Keeping this blog seems to have both exacerbated and validated my already well established habit of getting preoccupied, you could say slightly fixated, with one ingredient or a particular recipe. At present its leeks. It’s very late in the season I know, but there’s still time for a brief fling.
This Allium porrum phase began at my parents house near London a couple of weeks ago. My Mum has a vegetable garden which despite a hard, very cold and long English winter yielded a pretty fine crop of leeks this year. On the Saturday night – post large gin and tonic – Mum suddenly pulled on her gardening gloves and grabbed a small shovel and disappeared out of the back door. She was swallowed up the dark garden only to reappear a few minutes later beaming and brandishing a big bunch of long, slim leeks with bow-legged curves, scraggly roots and deep green tops. For part of supper she made a warm salad of leeks, cannellini beans, parsley and olive oil. We all agreed it was delicious. It was nice to see leeks taking center stage as opposed to hiding in the chorus. The recipe was jotted down in the notebook along with a general note to cook more leeks.
Back in Rome, where despite the occasional relapse, spring has most definitely sprung, I did just that. First I made the salad my mum had made. You cook three or four slim leeks – which have been halved lengthways and sliced thinly across – gently in plenty of butter, about 15 minutes or until they are soft and deliciously mushy. Then you mix them with some cooked cannellini beans, some lightly cooked peas if you like, a handful of finely chopped parsley, some coarse salt and a few glugs of good olive oil. We also had some goats cheese crumbled on top which is delicious.
But the salad aside it was the gently cooked leeks that really captured me, the ones cooked slowly in plenty of butter. Cooked this way leeks collapse into a soft, pale green, creamy mess, their already mild flavour is even softer and sweeter. On Monday I discovered leeks cooked this way are delicious just so. Scooped straight from the pan and squashed onto warm toast and seasoned with lots of freshly ground back pepper. On Tuesday I cooked more leeks in this way, really slowly, probably for about 40 minutes. I added a handful of fresh peas in the last five minutes, goats cheese and then stirred in some pasta. Vincenzo declared this his favourite, but he is pasta biased,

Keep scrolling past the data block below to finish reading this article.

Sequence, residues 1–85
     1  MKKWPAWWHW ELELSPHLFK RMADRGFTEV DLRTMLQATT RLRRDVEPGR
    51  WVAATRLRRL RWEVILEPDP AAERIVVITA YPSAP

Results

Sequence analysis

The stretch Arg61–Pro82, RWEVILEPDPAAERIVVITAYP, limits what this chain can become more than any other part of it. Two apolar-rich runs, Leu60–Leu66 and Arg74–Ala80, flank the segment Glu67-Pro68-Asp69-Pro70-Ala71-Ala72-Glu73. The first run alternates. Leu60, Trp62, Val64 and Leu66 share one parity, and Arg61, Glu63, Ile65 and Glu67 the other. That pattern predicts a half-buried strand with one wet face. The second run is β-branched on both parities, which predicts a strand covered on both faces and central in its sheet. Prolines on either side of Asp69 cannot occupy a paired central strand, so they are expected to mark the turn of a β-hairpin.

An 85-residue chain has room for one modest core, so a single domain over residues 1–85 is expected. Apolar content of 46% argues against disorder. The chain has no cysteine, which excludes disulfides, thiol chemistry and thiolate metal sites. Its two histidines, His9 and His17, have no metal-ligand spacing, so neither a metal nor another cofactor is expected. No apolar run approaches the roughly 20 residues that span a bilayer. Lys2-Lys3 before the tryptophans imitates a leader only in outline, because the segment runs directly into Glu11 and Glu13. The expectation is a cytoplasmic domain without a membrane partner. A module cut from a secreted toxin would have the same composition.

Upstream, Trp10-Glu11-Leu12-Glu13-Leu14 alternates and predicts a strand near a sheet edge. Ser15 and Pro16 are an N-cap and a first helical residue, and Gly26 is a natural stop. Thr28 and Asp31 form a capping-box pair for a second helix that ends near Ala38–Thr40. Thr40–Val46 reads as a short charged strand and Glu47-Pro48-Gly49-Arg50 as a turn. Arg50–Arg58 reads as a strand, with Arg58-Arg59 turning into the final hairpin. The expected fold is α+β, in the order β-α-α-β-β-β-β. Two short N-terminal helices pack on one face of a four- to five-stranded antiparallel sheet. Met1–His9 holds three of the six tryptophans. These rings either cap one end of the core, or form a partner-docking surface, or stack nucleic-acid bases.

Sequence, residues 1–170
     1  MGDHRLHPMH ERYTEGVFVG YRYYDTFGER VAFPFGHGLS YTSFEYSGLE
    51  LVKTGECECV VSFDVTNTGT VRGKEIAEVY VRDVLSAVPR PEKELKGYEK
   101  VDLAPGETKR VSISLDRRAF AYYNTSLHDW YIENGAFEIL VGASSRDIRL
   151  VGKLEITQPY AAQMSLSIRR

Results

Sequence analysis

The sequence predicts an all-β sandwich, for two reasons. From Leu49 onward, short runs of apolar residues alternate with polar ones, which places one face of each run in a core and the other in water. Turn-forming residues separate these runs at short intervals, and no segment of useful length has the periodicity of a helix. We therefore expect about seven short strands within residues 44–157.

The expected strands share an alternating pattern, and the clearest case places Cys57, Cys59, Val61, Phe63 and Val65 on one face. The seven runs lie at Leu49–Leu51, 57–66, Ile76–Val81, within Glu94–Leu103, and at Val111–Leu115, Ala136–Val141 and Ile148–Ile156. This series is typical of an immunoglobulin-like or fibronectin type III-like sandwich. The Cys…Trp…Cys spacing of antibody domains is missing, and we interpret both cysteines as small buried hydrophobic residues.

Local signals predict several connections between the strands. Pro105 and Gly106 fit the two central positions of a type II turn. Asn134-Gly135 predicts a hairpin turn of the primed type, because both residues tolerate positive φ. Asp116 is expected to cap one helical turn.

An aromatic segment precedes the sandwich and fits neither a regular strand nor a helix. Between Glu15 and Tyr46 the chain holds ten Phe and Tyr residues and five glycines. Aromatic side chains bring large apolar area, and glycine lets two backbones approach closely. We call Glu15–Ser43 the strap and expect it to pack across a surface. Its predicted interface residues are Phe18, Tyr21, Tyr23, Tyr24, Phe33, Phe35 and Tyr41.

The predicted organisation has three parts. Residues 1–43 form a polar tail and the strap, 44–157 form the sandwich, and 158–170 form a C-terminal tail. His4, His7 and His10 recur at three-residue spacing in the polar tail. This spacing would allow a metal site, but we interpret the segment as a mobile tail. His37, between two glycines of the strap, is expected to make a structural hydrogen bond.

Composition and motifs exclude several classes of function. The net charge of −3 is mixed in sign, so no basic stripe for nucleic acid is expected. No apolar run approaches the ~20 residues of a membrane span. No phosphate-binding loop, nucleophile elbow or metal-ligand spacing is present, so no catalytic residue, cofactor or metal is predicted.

Then on Wednesday, yesterday, I made a leek and goats cheese frittata.
A frittata, which I’m sure you know, is a thick, flat and substantial Italian omelette. Like a French omelette a frittata is made with lightly beaten eggs – often enriched with various fillings – cooked in butter. But unlike an omelette, which is soft and runny, a frittata is firm and set – but never dry or rubbery – and never folded
I am very fond of a well made frittata and this one is especially nice. It’s the same gently cooked leeks, stirred with 6 lightly beaten eggs and topped with crumbled goats cheese, cooked on the hob and then finished briefly under the grill. A perfect trio really, simple and understated, the pools of soft, creamy, slightly acidic goats cheese are a perfect foil for the soft mild leeks in a bed of gently cooked eggs.
First prepare the leeks, you need about 250g to make the frittata. Cut off the base and the roots and most of the green top, I leave about 2″ of the pale green part. The darker green part of the leek which has a coarse flavour and a tough texture is very good for the stockpot. Insert a knife just above the base and slice up to the top, thereby splitting the leek in two with the halves still attached at the base. Rinse the leeks carefully under fast running water. Finally slice the leeks thinly across so you have slim half moons.
For this particular frittata you melt a generous slice of butter in a frying pan or skillet and add about 250g of sliced leeks. Season with salt and freshly ground black pepper and cook over a low heat, stirring occasionally until the leeks have collapse into a soft, rumpled mess. Allow them to cool a little.
In a large bowl beat 6 – 8 large eggs with a fork until they are evenly mixed and season with salt and freshly ground black pepper. Tip the soft leek mixture in with the eggs and stir gently until the ingredients are combined. Turn on your grill. Melt a knob of butter in the non stick pan or skillet over a medium heat. Pour the eggs and leek mixture into the pan and turn the heat to low. Crumble and scatter about 100g of goats cheese over the top. When the eggs have set and only the surface of the frittata is runny put the frying pan/skillet under the grill for a minute or two (keep an eagle eye on it) until the surface is golden and slightly puffed up and proud and the cheese has melted into little white pools.
Serve with a leaf salad (Romane lettuce and deep red raddichio) dressed with coarse salt, extra virgin olive oil, We also had warm pizza bianca.
So there you have it a week of leeks. There have been lemons too but more about that another day.
I hope you are all well and spring has sprung for you too, Have a good weekend.